Also, that solar panel would be just as productive on the car as on someone's roof. That is unless the car happens to have to drive through a lot of long tunnels. I suppose parking the car in a garage would destroy the gains of having a solar panel on the roof but then if someone buys a solar charging car and parks it in a ga

          • Also, that solar panel would be just as productive on the car as on someone's roof.

            Not true. If the car leaves the carport the productivity of the panel drops by a factor of ten, because the sunlight is no longer focused by the fresnel lens.

            • by Tatarize (682683)

              Yeah, slapping a solar panel on the roof seems like it would be easy and great. But, the whole special car port thing seems like a pain in the ass. Where am I suppose to put my special car port? And why don't I just have a solar panel and lens charge up some batteries and then use that power. The solar panel on the roof is great, the special nonsense carport seems like it would be mostly pointless.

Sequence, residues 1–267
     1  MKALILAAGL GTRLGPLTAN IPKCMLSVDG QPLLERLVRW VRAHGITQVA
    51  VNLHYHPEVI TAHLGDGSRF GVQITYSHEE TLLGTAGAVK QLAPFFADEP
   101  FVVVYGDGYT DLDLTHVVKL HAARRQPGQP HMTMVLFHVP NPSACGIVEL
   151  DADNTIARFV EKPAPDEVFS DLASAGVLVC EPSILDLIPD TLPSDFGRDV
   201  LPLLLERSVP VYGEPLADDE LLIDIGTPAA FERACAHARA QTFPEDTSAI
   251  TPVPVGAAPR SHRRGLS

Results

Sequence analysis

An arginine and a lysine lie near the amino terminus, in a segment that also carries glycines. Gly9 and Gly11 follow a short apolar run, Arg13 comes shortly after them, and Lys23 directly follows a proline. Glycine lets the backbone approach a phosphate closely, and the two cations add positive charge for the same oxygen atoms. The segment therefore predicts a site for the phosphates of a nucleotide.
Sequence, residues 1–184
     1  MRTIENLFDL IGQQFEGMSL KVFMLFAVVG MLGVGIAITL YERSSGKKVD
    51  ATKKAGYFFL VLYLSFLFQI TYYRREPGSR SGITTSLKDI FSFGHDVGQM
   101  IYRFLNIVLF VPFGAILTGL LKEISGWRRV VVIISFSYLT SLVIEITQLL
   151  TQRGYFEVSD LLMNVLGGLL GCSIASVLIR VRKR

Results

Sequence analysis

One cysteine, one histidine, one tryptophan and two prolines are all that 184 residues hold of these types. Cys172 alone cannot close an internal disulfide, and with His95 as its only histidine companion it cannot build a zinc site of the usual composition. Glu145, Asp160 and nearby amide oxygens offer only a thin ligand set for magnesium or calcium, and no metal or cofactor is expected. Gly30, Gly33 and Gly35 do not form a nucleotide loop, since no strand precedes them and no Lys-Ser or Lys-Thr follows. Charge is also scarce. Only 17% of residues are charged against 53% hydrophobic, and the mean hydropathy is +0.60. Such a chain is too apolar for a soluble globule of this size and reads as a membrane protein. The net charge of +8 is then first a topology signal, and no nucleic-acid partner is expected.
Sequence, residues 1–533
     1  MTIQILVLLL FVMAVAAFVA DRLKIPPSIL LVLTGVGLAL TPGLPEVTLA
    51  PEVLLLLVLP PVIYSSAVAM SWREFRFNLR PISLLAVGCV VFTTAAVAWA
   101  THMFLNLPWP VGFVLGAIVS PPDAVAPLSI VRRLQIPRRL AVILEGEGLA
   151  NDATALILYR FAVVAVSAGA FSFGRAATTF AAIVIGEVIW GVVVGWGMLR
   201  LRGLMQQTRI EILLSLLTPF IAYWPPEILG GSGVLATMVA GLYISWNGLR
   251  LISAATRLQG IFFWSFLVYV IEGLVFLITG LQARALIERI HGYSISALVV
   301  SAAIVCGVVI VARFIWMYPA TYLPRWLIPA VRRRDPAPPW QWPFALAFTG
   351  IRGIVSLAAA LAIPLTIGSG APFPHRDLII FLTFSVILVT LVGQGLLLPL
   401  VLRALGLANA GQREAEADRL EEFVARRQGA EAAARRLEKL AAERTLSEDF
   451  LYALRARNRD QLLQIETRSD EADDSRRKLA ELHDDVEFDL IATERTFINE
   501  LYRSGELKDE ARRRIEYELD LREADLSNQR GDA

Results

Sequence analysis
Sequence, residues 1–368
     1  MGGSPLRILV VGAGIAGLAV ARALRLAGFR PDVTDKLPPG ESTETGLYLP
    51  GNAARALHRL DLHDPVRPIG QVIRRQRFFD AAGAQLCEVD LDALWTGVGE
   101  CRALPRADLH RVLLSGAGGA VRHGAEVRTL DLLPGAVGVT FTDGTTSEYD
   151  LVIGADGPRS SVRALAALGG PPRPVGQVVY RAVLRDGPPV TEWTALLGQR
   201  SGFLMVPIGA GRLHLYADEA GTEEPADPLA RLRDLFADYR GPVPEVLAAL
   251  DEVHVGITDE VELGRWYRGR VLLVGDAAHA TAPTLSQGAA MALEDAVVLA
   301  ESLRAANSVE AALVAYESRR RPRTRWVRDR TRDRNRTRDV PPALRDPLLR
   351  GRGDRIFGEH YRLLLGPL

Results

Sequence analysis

It seems like the easiest bit is just to have the car have a panel on the roof, and let the chips fall where th

        • Well actually what I see as the killer app for this is being able to run climate control in your vehicle and not having to worry about draining your batteries. Being able to run 300w AC power, while not spectacular, could keep you from roasting potentially. Especially if you put reflective panels in your windows when you leave.

          Speaking of which, why has no car manufacturer bothered to make a car that can automatically hoist up a window sized aluminum plate with your windows when you park? Hmm...

  • ...he climb on da car roof, go BOOM!

    .
    • Well, you have to admit, the cat did want a warm place to lie on ...

    • by Plazmid (1132467)

      So the question we all want to know is can this actually happen?

      Will a bird/cat/rodent be fried when they enter the beam?